Samurai and ninjas are both integral and easily recognizable features of Japan’s history. Unfortunately, there’s a lot of misinformation about them both floating around online and even in some books. What about those sites claiming there were samurai-ninja wars; is there any truth to that?
Samurai didn’t often fight ninjas. Usually, samurai fought other samurai from warring clans. Occasionally, samurai would employ the services of ninjas when needed, and very rarely, such as in the War of Tensho-Iga, samurai clans would fight groups of ninjas. It wasn’t a common occurrence, though.
It’s important to note that when samurai and ninjas did fight, the samurai almost always won. This article will point out the key differences between Japan’s two most famous warriors and go into more detail about whether or not they were enemies. It will also outline the main fighting styles of both samurai and ninjas.
What’s the Difference Between Samurai and Ninjas?
Some of the main differences between samurai and ninjas were in their hierarchical class standings, the way they fought, their methods of training, and the weapons they used. Additionally, the two were granted differing levels of respect and pay for their services. Samurai were also more widespread.
Differences in Social Class Standing
First and foremost, the primary difference between the two warriors was their social class standing. Samurai were born into the nobility; they were the ruling classes of ancient Japan. Although they weren’t as high on the social ladder as the emperor or the shogun, they were still part of the aristocratic class.
Ninjas, on the other hand, were usually commoners or outcasts (“undesirables”). They were mercenaries, and the samurai often looked down on them as second-class citizens.
Differences in the Rate of Pay and Amount of Respect
The discrepancy between the samurai’s and ninjas’ social classes is perhaps directly responsible for the differences in pay and respect each of the warriors received, as well.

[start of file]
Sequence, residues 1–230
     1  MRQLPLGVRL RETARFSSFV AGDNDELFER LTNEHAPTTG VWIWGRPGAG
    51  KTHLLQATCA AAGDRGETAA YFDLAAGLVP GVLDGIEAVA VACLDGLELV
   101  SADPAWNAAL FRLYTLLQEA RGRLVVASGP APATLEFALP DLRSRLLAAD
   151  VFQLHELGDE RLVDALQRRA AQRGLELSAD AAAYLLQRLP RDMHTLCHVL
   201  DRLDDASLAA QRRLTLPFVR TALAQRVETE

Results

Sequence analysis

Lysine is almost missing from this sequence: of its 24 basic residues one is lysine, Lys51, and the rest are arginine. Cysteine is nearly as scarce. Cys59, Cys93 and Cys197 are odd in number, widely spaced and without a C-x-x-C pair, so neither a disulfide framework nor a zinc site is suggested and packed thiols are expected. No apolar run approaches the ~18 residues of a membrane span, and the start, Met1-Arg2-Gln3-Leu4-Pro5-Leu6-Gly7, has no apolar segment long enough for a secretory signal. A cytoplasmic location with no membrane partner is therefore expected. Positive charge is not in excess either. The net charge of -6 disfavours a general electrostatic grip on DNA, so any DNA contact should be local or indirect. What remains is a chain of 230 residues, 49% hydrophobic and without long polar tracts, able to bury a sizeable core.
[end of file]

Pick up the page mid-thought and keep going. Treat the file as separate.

Samurai were highly respected and feared; people looked up to them and admired them. They were also usually paid handsomely for their work (though not always in money). While the higher-ranking samurai were paid better than the lower-ranking and less famous samurai, the pay rate remained steady and reasonably good.
Ninjas, on the other hand, were mercenaries. They didn’t receive a standard rate of pay of money or goods. Instead, people paid them only after they’d completed a task or done a particular job. It wasn’t a stable income. They were also less respected than the samurai, and the samurai themselves looked down on ninjas.
Differences in Attire and Weapons
The way art and movies depict samurai and ninjas is pretty accurate. Samurai usually had facial hair and a distinctive chonmage hairstyle. They traditionally wore kimonos; over the kimonos, they donned a two-piece suit called a kamishimo.  The top was slightly flared at the shoulders, and the bottoms were wide trousers.
As for weapons, samurai favored ranged weapons, such as the longbow, throwing spears, and shuriken. They also carried the two ceremonial Japanese swords (at least one of which was usually a katana) and smaller daggers. Later, samurai also used rifles.